Photokina 2014 highlights

Nanotechnology

The gel-tags use nanotechnology to show when a product has gone off

We're all familiar with the sell-by dates stamped on groceries. They're supposed to protect us, but in practice, they can be a bit of a coin toss. Now a research team led by Chao Zhang of Peking University in Beijing, China has come up with a color-coded smart tag that uses nanotechnology to tell when the food or drugs in a package are in danger of spoiling.  Read More

Damaged or deformed ears could be rebuilt using the patient's own fat (Photo: Shutterstock...

Researchers at London's Great Ormond Street Hospital aim to grow a human ear via stem cells taken from a patient's fat tissue. Relatively little attention has been given to the reconstruction of damaged cartilage around the cranial area, however the new method is hoped to modernize this area of reconstructive surgery.  Read More

Instead of the usual carbon atoms, artificial graphene is made from crystals of traditiona...

Graphene is truly a 21st-century wonder material, finding use in everything from solar cells to batteries to tiny antennas. Now, however, a group of European research institutes have joined forces to create a graphene knock-off, that could prove to be even more versatile.  Read More

This schematic illustration of a graphene plasmonic nano-antenna shows how short wavelengt...

Smart dust. Utility fog. Programmable matter. Grey and blue goo. Cooperating swarms of micron-sized devices (motes) offer completely new solutions and capabilities that can hardly be imagined. However, cooperation requires communication, and conventional radio or optical networking simply isn't practical at this size. Now researchers at Georgia Tech have invented a plasmonic graphene nano-antenna that can be efficiently used at millimeter radio wavelengths, taking one more step toward smart dust.  Read More

The SaveOneLife system

Boot insoles can turn a pair of really uncomfortable brogues into podiatric clouds that can take a long hike and remove the foot ache. Now, Lemur Studio Design based in Bogota, Colombia, has come up with a concept for insoles that won’t just save your instep, but could save your life. A submission to the World Design Impact Prize 2013-2014 competition, SaveOneLife is a wearable mine detector that fits in a shoe and warns the wearer if and where a potentially deadly landmine might lurk nearby.  Read More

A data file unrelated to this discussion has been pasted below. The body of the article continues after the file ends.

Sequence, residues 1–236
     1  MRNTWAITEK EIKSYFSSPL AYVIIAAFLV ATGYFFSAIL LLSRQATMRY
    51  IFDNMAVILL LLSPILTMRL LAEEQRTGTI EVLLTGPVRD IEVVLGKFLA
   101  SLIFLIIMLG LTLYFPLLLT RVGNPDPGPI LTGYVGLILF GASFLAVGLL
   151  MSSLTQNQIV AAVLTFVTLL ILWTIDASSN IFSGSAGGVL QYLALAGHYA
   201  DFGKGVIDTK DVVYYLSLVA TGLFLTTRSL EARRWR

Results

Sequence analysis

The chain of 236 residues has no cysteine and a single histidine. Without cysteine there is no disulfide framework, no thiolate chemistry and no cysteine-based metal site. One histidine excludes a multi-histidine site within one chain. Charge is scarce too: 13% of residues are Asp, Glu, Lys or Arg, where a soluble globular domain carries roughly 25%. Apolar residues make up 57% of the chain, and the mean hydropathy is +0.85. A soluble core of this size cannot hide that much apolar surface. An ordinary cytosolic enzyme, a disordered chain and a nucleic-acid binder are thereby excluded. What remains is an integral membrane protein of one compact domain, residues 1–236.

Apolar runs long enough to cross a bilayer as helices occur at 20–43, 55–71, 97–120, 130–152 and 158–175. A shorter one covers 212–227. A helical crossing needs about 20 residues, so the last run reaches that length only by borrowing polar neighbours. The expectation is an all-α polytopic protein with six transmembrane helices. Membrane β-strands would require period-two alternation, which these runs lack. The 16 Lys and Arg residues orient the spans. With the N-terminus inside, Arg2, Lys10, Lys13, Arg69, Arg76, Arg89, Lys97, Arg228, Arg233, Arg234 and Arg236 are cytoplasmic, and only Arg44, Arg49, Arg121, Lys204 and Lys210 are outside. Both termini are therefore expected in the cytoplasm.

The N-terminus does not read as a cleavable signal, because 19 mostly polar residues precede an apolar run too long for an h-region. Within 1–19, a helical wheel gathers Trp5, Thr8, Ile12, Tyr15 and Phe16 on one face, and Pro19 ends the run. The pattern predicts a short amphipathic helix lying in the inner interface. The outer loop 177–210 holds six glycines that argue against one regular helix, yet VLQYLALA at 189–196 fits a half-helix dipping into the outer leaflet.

A diagram and a microscope image (inset) of one of the bio-bots

If you were asked to think of something microscopic that moves quickly, chances are that sperm would be the first thing to come to mind. The tiny reproductive cells are able to swim as fast as they do thanks to their long whip-like tails, known as flagella. So, imagine how helpful it might be if sperm-like machines could be used for applications such as delivering medication to targeted areas of the body. Well, that's what scientists at the University of Illinois are in the process of making possible, with the creation of their heart cell-powered "bio-bots."  Read More

A new type of carbon nanotube sponge containing sulfur and iron could help clean up oil sp...

A new type of carbon nanotube (CNT) sponge that contains sulfur and iron has been developed and is proving to be more effective at soaking up water contaminants, such as oil, fertilizers, pesticides and pharmaceuticals, than previously seen. The magnetic properties of these nanosponges also make them easier to retrieve from the environment once the clean-up job is done.  Read More

Spermbots created at IFW Dresden approach an egg, and the microtube falls away (Image: IFW...

Hijacking sperm cells to create little robots might seem far out, but that's exactly what researchers from the Dresden Institute for Integrative Nanosciences have done. Their "spermbots" consist of live sperm cells in little tubes, that can be magnetically controlled to move in a desired direction until they reach their destination and do their job – they're currently robust enough to even guide a specific sperm cell to an egg cell. The scientists hope that further development will allow the technology to offer a viable alternative to parents trying to have a child through in-vitro fertilization. When perfected, the spermbots could also be used as a safe means for drug delivery and gene manipulation.  Read More

A liquid crystal 'flower' under magnification (Photo: University of Pennsylvania)

Scientists at the University of Pennsylvania have grown liquid crystal flowers, making it possible to create lenses as complex as the compound eye of a dragonfly. When perfected, the technology could allow the growth of lenses on curved surfaces, and structures to be assembled out of liquid crystals to build new materials, smart surfaces, microlens arrays and advanced sensors.  Read More

Bioinspired magnetically propelled helical microswimmers could deliver drugs at the right ...

If you remember the 1966 science fiction film Fantastic Voyage, you'll recall how miniaturized government agents traveled through blood vessels in a tiny submarine, in their attempt remove a blood clot from a scientist's brain. Synthetic nanomotors that can do the same job have been the subject of numerous research efforts and now University of California, San Diego (UCSD) researchers report that they've created powerful biodegradable "microswimmers" that can deliver drugs more precisely, derived from common plants like passion fruit and wild banana.  Read More

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